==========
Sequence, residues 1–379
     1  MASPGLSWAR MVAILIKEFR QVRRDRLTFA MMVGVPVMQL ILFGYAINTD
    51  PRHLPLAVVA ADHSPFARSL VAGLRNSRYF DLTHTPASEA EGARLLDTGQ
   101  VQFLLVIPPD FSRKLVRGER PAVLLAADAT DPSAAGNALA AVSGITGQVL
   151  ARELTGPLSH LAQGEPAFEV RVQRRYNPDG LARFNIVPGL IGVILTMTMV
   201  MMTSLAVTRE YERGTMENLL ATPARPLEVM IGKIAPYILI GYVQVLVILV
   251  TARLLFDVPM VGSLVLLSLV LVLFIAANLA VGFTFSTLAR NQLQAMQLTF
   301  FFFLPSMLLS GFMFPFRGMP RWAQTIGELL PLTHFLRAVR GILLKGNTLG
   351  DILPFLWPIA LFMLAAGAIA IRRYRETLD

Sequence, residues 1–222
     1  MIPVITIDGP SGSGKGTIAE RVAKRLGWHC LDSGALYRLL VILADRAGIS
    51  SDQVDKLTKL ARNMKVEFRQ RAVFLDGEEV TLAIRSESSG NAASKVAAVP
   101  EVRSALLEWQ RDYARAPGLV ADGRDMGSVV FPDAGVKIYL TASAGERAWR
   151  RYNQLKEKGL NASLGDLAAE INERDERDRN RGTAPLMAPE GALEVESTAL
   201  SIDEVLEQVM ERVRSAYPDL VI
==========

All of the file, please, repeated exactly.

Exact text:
Sequence, residues 1–379
     1  MASPGLSWAR MVAILIKEFR QVRRDRLTFA MMVGVPVMQL ILFGYAINTD
    51  PRHLPLAVVA ADHSPFARSL VAGLRNSRYF DLTHTPASEA EGARLLDTGQ
   101  VQFLLVIPPD FSRKLVRGER PAVLLAADAT DPSAAGNALA AVSGITGQVL
   151  ARELTGPLSH LAQGEPAFEV RVQRRYNPDG LARFNIVPGL IGVILTMTMV
   201  MMTSLAVTRE YERGTMENLL ATPARPLEVM IGKIAPYILI GYVQVLVILV
   251  TARLLFDVPM VGSLVLLSLV LVLFIAANLA VGFTFSTLAR NQLQAMQLTF
   301  FFFLPSMLLS GFMFPFRGMP RWAQTIGELL PLTHFLRAVR GILLKGNTLG
   351  DILPFLWPIA LFMLAAGAIA IRRYRETLD

Sequence, residues 1–222
     1  MIPVITIDGP SGSGKGTIAE RVAKRLGWHC LDSGALYRLL VILADRAGIS
    51  SDQVDKLTKL ARNMKVEFRQ RAVFLDGEEV TLAIRSESSG NAASKVAAVP
   101  EVRSALLEWQ RDYARAPGLV ADGRDMGSVV FPDAGVKIYL TASAGERAWR
   151  RYNQLKEKGL NASLGDLAAE INERDERDRN RGTAPLMAPE GALEVESTAL
   201  SIDEVLEQVM ERVRSAYPDL VI